Two of our PhD in Social Anthropology with Visual Media students, with support of AHRC, are co-organising the Visual Research Network 1st International Residency Conference and residency entitled ‘Creative Image; Ways of seeing, representing and reshaping reality’. The residency will…Read more →
We are pleased to announce that Paul Henley, founder of the GCVA, has been assigned a number of leading roles in the forthcoming Festival International Jean Rouch, which is celebrating Rouch’s centenary. On the strength of Paul’s research on Jean…Read more →
We are proud to announce a new MA in Visual Anthropology Scholarship programme, offering a fee waiver to students from development assistance recipient countries who face political, racial, gender or religious barriers: bit.ly/2Rb0jwk
The Teaching and Technical Staff involved in running the courses at the Granada Centre
My regional specialism is Japan: I conducted fieldwork in the Kansai area, Kyushu, Tokyo and Okinawa. Some of my research interests include Zen art, art practice as ethnographic research, visual and sensory studies, the political ecology of military systems, soundscape studies and sound art practice.
Lecturer in Social and Visual Anthropology.
My research interests include hunting, perception, the senses, visual anthropology, sound, phenomenology and embodiment. I worked on donso hunters in Burkina Faso, West Africa, looking at their relationship with a changing environment and embodied knowledge. I make documentary films, photography and sound recordings.
GCVA Founder (Leverhulme Research Fellow 2014-2016).
My current research project, The Silent Time Machine, funded through a Leverhulme Major Fellowship, is an investigation of ethnographic film prior to portable synchronous sound. Longer standing interests include the work of Jean Rouch (presented in The Adventure of the Real, Chicago 2009), the ethics of documentary film-making and the classical ethnology of indigenous Amazonia. I am also engaged in a long term film-making project about memory and landscape in rural Tuscany.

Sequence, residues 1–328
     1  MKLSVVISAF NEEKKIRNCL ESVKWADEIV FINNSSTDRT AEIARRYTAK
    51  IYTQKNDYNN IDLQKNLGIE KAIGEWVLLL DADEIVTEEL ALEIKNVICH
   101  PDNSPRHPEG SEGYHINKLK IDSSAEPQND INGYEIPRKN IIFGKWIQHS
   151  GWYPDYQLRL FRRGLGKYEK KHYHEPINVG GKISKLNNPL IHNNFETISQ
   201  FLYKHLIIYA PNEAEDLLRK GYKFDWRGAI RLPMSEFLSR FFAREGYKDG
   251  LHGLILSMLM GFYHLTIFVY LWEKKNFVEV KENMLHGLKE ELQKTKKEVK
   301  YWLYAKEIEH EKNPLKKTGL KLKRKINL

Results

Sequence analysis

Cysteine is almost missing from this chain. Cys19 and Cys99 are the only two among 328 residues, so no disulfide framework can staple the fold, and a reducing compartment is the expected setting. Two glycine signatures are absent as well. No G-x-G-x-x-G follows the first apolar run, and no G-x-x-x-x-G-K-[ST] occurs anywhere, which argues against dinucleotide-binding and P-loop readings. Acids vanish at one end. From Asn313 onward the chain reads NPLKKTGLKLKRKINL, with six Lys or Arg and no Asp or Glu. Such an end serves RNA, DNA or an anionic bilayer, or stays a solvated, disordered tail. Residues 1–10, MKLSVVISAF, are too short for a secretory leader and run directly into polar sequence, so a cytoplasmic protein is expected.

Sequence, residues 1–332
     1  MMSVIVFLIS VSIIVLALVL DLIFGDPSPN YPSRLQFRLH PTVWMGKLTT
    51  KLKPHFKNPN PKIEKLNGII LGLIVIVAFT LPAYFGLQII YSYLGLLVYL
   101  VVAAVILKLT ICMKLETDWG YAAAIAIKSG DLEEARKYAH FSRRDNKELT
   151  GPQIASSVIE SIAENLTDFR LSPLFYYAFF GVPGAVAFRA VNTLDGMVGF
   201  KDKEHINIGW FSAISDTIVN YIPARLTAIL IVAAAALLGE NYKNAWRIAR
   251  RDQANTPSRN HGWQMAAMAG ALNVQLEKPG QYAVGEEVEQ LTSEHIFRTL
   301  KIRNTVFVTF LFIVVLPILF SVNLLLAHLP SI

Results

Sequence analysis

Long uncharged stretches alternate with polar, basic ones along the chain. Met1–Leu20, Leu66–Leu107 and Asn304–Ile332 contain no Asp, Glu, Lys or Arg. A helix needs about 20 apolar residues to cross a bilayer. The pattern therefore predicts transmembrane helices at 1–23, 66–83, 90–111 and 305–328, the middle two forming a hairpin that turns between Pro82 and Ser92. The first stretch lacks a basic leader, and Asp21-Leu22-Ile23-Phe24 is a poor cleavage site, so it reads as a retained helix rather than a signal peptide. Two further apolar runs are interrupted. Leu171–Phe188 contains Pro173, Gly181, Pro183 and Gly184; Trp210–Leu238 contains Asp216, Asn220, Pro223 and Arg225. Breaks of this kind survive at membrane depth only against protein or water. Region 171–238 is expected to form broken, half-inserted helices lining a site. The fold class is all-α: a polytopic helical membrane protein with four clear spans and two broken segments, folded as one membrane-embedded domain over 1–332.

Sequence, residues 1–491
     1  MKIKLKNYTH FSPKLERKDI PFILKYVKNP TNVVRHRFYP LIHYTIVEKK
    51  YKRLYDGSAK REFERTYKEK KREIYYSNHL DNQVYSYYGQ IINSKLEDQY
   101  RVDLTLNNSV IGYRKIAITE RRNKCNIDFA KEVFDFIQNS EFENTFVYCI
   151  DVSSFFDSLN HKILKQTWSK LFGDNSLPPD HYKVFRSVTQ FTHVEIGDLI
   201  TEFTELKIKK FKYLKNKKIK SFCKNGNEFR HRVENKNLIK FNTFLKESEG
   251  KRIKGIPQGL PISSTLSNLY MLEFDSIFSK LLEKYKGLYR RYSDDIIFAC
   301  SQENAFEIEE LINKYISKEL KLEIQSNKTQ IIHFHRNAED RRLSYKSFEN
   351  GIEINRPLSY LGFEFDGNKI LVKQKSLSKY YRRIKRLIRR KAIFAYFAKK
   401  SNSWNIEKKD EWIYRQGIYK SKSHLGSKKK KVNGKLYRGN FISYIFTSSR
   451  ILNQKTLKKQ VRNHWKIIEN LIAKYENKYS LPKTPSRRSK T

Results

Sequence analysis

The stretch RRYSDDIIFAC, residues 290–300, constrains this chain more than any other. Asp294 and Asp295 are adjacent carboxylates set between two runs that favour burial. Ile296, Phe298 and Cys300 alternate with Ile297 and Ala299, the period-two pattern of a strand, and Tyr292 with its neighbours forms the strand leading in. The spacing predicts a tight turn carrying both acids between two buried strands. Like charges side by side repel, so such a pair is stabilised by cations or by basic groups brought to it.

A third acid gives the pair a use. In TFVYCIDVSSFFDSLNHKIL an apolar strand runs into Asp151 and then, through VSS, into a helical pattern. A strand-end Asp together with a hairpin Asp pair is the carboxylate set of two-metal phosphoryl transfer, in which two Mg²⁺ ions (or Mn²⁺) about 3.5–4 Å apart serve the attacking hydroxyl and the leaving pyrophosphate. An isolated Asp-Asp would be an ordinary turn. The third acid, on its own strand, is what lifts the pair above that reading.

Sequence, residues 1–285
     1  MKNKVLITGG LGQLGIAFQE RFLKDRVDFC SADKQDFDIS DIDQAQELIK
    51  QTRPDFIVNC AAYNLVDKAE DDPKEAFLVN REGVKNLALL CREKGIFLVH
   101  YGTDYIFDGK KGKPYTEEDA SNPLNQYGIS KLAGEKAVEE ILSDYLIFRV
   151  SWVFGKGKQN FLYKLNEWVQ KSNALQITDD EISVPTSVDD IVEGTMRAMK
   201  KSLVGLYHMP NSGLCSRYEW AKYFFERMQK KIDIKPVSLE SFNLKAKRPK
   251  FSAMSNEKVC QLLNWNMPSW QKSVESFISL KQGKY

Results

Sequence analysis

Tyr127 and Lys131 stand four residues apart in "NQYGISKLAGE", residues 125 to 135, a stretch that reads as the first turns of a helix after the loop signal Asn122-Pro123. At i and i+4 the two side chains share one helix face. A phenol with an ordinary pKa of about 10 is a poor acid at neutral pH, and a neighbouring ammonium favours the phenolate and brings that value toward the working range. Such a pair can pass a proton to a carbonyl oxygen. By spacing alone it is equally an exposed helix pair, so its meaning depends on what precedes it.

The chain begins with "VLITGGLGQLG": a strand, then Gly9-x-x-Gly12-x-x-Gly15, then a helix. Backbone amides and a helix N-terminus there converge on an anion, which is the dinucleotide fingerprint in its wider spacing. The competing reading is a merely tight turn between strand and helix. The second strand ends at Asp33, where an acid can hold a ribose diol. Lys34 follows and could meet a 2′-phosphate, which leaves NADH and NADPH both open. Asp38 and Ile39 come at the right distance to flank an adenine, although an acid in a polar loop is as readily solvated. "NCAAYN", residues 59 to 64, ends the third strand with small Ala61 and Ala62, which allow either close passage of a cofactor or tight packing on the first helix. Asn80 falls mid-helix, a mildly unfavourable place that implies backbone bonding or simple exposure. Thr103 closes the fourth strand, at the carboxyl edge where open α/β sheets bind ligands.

Professor of Anthropology.
My regional specialisations are Kampala, Uganda and New York, USA. I do research on experiences of illness, death and dying (especially from HIV/AIDS), in relation to the aesthetic appreciation of time, existence, and otherness; I am also interested in phenomenology, art, performance and creativity, time, comparisons of personhood, religious change, gender and urban experiences.
Part-Time Senior Lecturer in Visual Anthropology.
I make documentary films on subjects relating to anthropology and experiment with new methods and technologies for filmmaking as research. I am interested in the uncertainty that surrounds momentous life changing experiences. I have made films about childbirth, death, adolescence, old age, adventure and identity in the UK, India and Peru.
Director of MA in Visual Anthropology.
My area of studies ranges from indigenous politics, through transnational migration to postcoloniality (Brazil, Portugal). The research project I’m currently developing, Emerging Urban Convivialities: Everyday interactions between foreigners and long-term residents in a pacified favela in Rio de Janeiro, brings together my previous work with middle-class migration and a recent interest in processes of neo-liberal urban renewal and gentrification.
Honorary Lecturer in Visual Anthropology.
Since 1992 I have worked as a director and cameraman for documentaries on British TV, including the BAFTA and Royal Television Society award winning series Welcome to Lagos, Tribe and Meet the Natives for BBC and Channel 4. At the GCVA I transmit to students my experience in production to help them translate their skills into employability.
Emeritus Professor, Ethnographer and Filmmaker.
A Manchester graduate (PhD, 1968), I began long-term southern African fieldwork in 1960, first among Kalanga and later among Tswapong in rural and urban Botswana. My seven films include Counterpoint Botswana (2011) and Holy Hustlers (2009), which accompanies my book, Holy Hustlers, Schism and Prophecy (2011).
I worked as an editor at ITV Granada and BBC News, with around 600 on screen credits, then moved onto camera work starting in 16mm film and then digital. I have worked on animations such as Bob the Builder and Postman Pat as well as on the world’s longest running TV soap opera Coronation Street. I offer technical support to the students at the GCVA as well as give away TV secrets of how to make a good film. I’m interested in popular culture, the queer scene and all things Manchester.